Ven. Bhikkhu Bodhi
3. Cambodia: System of Rice Intensification
Rachana is a Cambodian organization dedicated to improving the socio-economic well-being of poor and vulnerable communities in Cambodia. Rachana promotes the System of Rice Intensification (SRI), an ecologically sensitive agricultural methodology that increases yields of rice from an average of 2 tons to 4.75 tons per hectare. BGR has already partnered with Rachana over the past three years in spreading the use of SRI, with highly favorable results. The program has enabled farmers to feed their own families better and obtain a surplus to sell on the market. As a result, SRI has substantially boosted family incomes. The annually renewable program will promote SRI in eight villages, five old ones and three new ones.
4. Cambodia: Giving Girls Access to Education
Since 2009, BGR has been partnering with U.S.-based Lotus Outreach International in support of its life-transforming Girls Access To Education (GATE) program, intended to ensure that girls remain in school. In Cambodia the education of girls is considered unnecessary, but LOI and BGR promote a new perspective. To encourage families to keep their girls in school, Lotus Outreach provides 50 kg of rice monthly during the school year to the families of poor girls in Siem Reap and Banteay Meanchey. Students enrolled in the GATE program are more likely to stay in school, lowering their likelihood of returning to exploitative labor. In 2013, 90% of GATE scholarship recipients passed their exams and advanced to the next level.
With support from BGR, Lotus Outreach has extended rice support to GATE graduates who enroll in college or university programs. These graduates, who have risen up from poverty to enter university, are called GATEways scholars. The grant from BGR will provide rice support to 52 impoverished families of the poorest girls in the GATE program and to 89 university students enrolled in the GATEways scholarship program. With continued scholarship support, these young women will rank among the exclusive 1% of Cambodia’s female population to receive a college education. An annually renewable program.
5. Cambodia: Helping Women Escape the Sex Trade
Driven by desperate poverty, with no other opportunities in sight, many girls in Cambodia find themselves compelled to turn to the sex trade to support themselves and their families. Lotus Outreach’s Non-Formal Education program offers these women and their children a light in the dark. By teaching them basic literacy, health education, life skills, and vocational training, the program helps young women escape exploitation while discovering their own strength, self-worth, and competency. The renewed grant from BGR will provide non-formal education, vocational training, and life skills to approximately 30 sex workers and their children. Daughters of sex workers receive scholarship packages so they can return to school. Many of these women and children will learn to read and write for the first time in their lives. An annually renewable program.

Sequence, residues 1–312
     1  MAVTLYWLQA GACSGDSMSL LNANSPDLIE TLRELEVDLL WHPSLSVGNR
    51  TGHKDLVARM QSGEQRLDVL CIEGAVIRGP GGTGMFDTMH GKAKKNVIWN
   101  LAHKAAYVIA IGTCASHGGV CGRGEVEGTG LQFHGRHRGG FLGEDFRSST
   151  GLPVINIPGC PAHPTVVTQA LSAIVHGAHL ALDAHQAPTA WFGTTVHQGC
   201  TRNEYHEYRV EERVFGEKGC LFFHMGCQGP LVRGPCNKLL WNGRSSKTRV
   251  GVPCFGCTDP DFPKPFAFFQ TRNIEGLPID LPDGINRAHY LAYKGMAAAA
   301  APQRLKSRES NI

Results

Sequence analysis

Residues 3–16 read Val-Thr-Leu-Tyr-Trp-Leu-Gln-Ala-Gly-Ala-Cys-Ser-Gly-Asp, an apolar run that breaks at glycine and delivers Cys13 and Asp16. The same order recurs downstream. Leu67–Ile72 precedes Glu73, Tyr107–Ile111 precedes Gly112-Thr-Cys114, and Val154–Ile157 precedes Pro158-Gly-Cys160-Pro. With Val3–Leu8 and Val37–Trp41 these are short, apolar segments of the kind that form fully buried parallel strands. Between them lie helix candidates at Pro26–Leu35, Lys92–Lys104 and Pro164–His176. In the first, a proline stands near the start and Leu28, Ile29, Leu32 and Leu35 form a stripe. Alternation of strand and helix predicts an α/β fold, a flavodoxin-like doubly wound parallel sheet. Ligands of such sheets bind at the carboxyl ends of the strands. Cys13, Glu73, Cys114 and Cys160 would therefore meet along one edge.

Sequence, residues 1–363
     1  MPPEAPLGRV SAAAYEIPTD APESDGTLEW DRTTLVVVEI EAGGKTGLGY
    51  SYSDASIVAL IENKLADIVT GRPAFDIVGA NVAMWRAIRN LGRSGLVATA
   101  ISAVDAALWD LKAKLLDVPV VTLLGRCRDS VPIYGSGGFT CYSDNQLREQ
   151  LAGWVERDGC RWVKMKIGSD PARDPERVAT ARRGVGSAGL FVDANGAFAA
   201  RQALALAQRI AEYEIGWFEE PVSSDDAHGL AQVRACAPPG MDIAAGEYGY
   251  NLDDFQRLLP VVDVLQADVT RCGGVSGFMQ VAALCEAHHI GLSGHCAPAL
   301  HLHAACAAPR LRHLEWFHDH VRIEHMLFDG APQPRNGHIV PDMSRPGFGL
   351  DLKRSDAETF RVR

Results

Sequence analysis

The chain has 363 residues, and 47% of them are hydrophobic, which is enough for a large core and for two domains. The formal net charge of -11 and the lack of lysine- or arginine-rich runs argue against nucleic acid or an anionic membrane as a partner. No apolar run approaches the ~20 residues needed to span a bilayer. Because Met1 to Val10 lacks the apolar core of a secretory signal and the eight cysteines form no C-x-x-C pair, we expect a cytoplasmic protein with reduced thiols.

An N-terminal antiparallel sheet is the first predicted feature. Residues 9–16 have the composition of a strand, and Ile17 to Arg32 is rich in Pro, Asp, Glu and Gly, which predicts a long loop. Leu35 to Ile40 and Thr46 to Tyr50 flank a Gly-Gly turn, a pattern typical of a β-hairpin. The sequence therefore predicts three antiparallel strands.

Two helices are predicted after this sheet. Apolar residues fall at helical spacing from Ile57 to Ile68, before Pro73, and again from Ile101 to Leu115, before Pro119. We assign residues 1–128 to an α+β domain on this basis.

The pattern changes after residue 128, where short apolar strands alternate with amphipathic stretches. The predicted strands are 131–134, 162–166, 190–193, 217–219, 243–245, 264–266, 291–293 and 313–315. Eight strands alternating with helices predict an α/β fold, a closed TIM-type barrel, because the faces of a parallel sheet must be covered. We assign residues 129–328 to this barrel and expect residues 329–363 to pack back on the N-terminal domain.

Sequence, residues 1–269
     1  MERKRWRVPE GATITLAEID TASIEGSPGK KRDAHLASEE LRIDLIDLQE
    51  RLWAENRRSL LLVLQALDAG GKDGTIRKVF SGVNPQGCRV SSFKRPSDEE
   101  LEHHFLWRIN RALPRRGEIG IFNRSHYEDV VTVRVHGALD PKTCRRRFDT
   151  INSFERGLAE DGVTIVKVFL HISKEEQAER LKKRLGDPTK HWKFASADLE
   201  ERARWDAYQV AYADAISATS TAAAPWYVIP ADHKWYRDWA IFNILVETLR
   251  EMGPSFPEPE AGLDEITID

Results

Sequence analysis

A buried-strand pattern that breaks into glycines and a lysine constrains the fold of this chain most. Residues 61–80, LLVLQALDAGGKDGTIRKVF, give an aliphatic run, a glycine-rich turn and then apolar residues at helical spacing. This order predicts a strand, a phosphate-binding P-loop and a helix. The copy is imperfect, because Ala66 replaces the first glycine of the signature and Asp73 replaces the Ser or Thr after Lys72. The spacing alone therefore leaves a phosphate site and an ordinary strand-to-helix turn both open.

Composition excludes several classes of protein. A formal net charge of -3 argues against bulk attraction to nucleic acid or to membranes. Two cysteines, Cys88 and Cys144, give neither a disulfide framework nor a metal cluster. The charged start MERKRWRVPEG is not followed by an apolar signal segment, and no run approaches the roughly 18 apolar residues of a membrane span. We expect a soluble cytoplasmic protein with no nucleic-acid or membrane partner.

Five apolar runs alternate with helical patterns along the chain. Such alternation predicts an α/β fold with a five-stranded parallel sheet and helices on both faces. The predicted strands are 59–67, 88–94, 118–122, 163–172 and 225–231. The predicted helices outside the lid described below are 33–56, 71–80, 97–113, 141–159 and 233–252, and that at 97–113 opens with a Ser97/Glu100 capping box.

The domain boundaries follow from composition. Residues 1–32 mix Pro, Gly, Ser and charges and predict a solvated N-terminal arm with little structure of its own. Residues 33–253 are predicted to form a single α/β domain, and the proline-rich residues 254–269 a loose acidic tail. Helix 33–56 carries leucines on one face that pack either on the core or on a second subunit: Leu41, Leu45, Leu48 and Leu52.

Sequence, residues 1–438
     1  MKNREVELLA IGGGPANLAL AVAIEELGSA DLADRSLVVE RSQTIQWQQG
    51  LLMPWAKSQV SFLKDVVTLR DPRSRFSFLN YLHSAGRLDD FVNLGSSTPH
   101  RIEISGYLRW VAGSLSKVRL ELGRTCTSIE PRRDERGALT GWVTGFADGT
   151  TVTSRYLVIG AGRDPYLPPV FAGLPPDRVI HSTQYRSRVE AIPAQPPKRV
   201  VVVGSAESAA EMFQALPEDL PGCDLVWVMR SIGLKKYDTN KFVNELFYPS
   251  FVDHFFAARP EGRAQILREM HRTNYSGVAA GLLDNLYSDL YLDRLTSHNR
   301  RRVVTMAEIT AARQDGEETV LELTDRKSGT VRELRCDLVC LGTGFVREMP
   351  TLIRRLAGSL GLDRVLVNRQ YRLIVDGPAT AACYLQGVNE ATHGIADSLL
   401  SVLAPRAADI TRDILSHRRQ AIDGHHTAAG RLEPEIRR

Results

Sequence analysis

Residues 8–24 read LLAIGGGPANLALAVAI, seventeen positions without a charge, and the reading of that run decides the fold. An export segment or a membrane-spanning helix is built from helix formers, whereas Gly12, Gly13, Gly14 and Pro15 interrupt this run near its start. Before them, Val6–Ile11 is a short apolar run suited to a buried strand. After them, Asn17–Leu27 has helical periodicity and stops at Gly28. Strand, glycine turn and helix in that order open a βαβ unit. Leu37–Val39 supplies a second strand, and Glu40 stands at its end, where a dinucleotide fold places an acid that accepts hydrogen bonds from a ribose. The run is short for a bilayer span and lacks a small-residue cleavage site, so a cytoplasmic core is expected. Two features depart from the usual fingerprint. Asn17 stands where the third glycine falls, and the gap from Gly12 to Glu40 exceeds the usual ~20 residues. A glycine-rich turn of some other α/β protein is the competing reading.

6. China: Orphans Without Walls NEW
In the rural mountainous areas of China with minority populations, 25–40 percent of students drop out before completing nine years of compulsory education. These children will not be able to enroll in high school and have no chance of entering university. Girls are more at risk of dropping out early, as nomadic and agricultural families prefer girls to stay home to help with household work. Children who grow up without one or both parents are especially at risk of dropping out .
The Hong Kong-based Shambala Foundation (unrelated to the U.S. Shambala centers), founded in 2006, is seeking to redress this problem in the western province of Qinghai with its Children of Shambala Qinghai (CoS Qinghai) programs. In 2010 CoS Qinghai began implementing a long-term poverty-alleviation program called Orphanage Without Walls (OWW). One of the main reasons poor children in backward areas drop out is the high cost of continuing in school. Even compulsory education, which is meant to be free, is costly for poor families owing to incidental fees. If students are able to attend academic high school or vocational school the cost per student becomes prohibitive for poor families.
With a grant from BGR, Shambala Foundation will provide a new set of clothes, shoes, school supplies, and child-friendly books directly to 60 children. These subsidies reduce each family’s burden of paying for their child’s education-related costs. The overall goal is for each child to lift themselves and their families out of poverty. Shambala Foundation works with each child so they can attend school for as long as possible and eventually find their first paid jobs.
7. Côte d’Ivoire: Enhanced Homestead Food Production
Last year, BGR entered into a partnership with Helen Keller International on a three-year expansion of its innovative Enhanced Homestead Food Production program in Côte d’Ivoire’s Bouaké District (Gbèkè Region), an especially poor district where families struggle with food security and lack access to food markets. Teams teach the Enhanced Homestead Food Production model to community gardening groups comprised mostly of women.
The project is designed to increase the availability and quantity of micronutrient-rich vegetables. A key component of the program is growing orange-fleshed sweet potatoes, a food rich in micronutrients, especially vitamin A, essential to preventing blindness. The project improves gardening practices, irrigation systems, and income generation. It also provides instruction in nutrition and hygiene to young mothers. Women farmers learn marketing strategies for selling their crops. Successful small-scale irrigation systems will be applied not only to programs in Côte d’Ivoire but throughout the region, especially to areas vulnerable to climate change. Year two of a three-year program.
(To be continued)